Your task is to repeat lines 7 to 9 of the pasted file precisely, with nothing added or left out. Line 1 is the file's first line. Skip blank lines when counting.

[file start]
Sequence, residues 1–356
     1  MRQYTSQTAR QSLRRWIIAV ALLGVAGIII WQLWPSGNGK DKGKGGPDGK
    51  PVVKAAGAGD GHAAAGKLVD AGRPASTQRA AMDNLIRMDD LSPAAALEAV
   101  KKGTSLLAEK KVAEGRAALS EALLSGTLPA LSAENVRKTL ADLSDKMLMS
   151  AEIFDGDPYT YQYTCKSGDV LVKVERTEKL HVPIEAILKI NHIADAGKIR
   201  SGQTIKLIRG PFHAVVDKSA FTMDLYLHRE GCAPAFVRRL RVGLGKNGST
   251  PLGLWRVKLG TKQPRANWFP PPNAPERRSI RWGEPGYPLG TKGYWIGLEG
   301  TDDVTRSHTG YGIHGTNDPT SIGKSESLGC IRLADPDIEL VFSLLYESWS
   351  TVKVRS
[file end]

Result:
   251  PLGLWRVKLG TKQPRANWFP PPNAPERRSI RWGEPGYPLG TKGYWIGLEG
   301  TDDVTRSHTG YGIHGTNDPT SIGKSESLGC IRLADPDIEL VFSLLYESWS
   351  TVKVRS